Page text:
Each summer my kids and I dabble in a project involving low-maintenance pets. Three summers ago was goldfish that survived only a few days (before its overfeeding); last summer involved raising caterpillar to butterflies; and this summer we raised larvae into ladybugs, specifically called Pink-Spotted Ladybug.
*If you like, you can check out the full post written in June 2017 titled “Butterflies in our house.”
Like summer 2017, our live shipment arrived from InsectLore.com, an online company specializing in educational insect-raising kits. Kids were thrilled when they saw the package, and they carried it slowly into the house talking in whispers. The inside contents included a slim plastic tube with strips of green crinkled paper, long and skinny larvae that looked like mini alligators, and a grainy substance for their food. We then twisted open the magnifying cap on top of the dome and shook the tube contents into it.
Contents of box from InsectLore except for the dome, which was purchased separately.
Tube of larvae with their food.
After the tube contents are put into the dome.
For this beginning stage, our only job required wetting the grey sponge (drinking station) with few drops of water from a pipette. Instructions said only a few drops to prevent larvae drowning, but to kids still working on fine motor skills, it meant big drenching squirts. There was little to observe the first couple of days until the larvae got bigger; they ate voraciously and actively moved all around the dome.
Some fun facts about ladybugs:
- Ladybugs are not bugs. They are a kind of beetle.
- In the Middle Ages, European farmers struggled with pests destroying their crops. So they prayed for help from the Virgin Mary and ladybugs suddenly appeared eating up all the pests. They were then called Lady Beetles after the Virgin Mary.
- They smell with their feet and antenna.
- They can fly.
- If threatened, they release a toxic liquid from their legs (harmful to animals but not humans).
- Ladybugs come in a variety of colors and in hundreds of species.
- The brightness of their colors fades over time.
- Gardeners love to have ladybugs for natural pest control. (Information gathered from kidskonnect.com, uCatholic.com, teachingmama.org, Katrina DeLallo from Super Teacher Worksheets)
My goal for this project was to engage the kids in the process and do more than just observe. I wanted them to practice articulating what they saw. This required them to dictate their daily observations and draw pictures of what they saw.
I was nervous to introduce this activity in case it seemed tedious and boring, so I prefaced it by saying that real scientists do this all the time. This must’ve made them feel very grown-up: they referred to themselves as scientists and talked in a serious voice as they looked through their magnifying glasses. They totally got into character: no giggles or squirming.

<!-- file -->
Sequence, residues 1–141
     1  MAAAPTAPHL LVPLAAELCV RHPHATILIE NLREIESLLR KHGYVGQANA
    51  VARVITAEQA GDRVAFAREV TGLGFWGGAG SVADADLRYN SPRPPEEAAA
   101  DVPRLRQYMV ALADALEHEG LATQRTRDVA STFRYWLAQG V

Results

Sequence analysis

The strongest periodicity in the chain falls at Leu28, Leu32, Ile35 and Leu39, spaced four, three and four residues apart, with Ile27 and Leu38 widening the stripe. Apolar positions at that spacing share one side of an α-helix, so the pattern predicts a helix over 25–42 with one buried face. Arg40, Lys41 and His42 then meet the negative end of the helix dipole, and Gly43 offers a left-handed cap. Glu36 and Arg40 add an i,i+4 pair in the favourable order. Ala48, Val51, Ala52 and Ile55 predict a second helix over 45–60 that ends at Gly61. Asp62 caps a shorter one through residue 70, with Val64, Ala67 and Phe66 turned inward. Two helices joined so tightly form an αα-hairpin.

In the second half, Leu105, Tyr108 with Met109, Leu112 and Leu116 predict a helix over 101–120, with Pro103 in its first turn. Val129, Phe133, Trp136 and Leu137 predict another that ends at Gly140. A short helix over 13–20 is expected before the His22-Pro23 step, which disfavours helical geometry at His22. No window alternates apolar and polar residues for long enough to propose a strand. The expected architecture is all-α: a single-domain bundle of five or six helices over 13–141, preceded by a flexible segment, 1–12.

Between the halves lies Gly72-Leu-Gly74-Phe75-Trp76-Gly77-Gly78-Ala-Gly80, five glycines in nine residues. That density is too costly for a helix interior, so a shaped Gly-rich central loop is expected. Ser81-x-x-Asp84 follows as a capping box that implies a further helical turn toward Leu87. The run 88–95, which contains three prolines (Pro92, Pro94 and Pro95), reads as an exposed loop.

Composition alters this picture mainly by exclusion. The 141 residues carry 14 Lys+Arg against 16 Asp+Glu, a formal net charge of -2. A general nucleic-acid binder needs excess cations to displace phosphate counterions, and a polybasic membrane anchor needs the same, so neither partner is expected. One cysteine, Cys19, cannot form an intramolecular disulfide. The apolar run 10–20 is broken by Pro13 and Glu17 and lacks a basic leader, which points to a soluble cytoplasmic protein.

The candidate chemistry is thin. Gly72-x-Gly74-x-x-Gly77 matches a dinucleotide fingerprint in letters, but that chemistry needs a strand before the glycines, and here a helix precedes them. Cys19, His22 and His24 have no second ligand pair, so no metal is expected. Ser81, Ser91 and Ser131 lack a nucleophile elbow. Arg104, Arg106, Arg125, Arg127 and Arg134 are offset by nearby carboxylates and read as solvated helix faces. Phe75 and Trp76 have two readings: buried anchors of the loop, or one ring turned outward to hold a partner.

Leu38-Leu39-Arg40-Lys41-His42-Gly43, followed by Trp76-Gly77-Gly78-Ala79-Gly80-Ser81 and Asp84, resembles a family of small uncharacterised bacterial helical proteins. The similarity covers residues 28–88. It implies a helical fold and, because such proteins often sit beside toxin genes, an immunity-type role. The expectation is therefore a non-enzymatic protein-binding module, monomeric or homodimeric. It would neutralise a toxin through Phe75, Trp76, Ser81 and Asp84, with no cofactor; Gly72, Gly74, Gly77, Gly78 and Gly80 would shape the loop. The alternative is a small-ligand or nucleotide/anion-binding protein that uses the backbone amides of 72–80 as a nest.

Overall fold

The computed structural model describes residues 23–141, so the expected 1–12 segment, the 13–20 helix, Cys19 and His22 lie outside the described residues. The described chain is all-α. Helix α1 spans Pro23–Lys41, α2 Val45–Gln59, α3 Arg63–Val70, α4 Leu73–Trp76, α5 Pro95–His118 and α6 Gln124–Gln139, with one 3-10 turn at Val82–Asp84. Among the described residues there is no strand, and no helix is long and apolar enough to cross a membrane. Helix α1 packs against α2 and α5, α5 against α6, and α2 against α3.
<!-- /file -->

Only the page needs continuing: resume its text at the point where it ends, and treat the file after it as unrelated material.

Observation notes and drawing
Observation notes and drawing. Ellis was the only one who saw a ladybug holding a phone.
Close-up picture looking through magnifying glasses. Check out their double-jointed legs and vivid spots.
The plump brown thing on the top of the picture is a soggy raisin. Brown spots sticking to the wall are pupae.
Once all the pupae molted, the dome looked messy with black trails of their molting and deceased larvae stuck to the green strips. We decided to move them into a new and improved home in the form of an empty glass jar sitting in our pantry.
We took leftover pebbles from our goldfish days and layered the bottom for ladybugs to explore; added a wet gauze for their water supply; dropped soggy raisins and lettuce for nutrition; and decorated with sticks and flowers to make their home cozy.
A clean jar for the ladybugs. Interior designed and decorated by the kids. I forgot to take a picture after adding the sticks and flowers.
Each bug was transferred to its new home with it sitting atop a wooden chopstick. Plastic wrap covered the top with several holes poked in them for ventilation.
The bugs stayed with us almost 20 days until I felt nervous that they might die from the heat inside the jar. Summers are uncomfortably hot even indoors in California.
Kids reluctantly agreed with my rationale to let them go; the next morning we took our jar outside for the grand release. They took turns getting each of the ladybugs out on a stick and placing them inside our container plants. Some lingered, but most of them crawled away within seconds. This was the one time that I wish our plants swarmed with pests like aphids so these ladybugs could have have a feast.
Pink Spotted Ladybug.
Overall, this summer project was enjoyable, educational, and memorable. I wish I had as much enthusiasm when I was a kid, but it’s not too late for me to keep exploring, discovering, and questioning along with my kids. Another big lesson for me as a homeschooling mom was developing more confidence in deciding what and how to teach, as well as getting comfortable not knowing all the answers. It’s fine to say, “I don’t know. Let’s look it up together.”
These kinds of projects are usually reserved for summer, but we’re on a roll. Next up: raising tadpoles or hermit crabs. Stay tuned!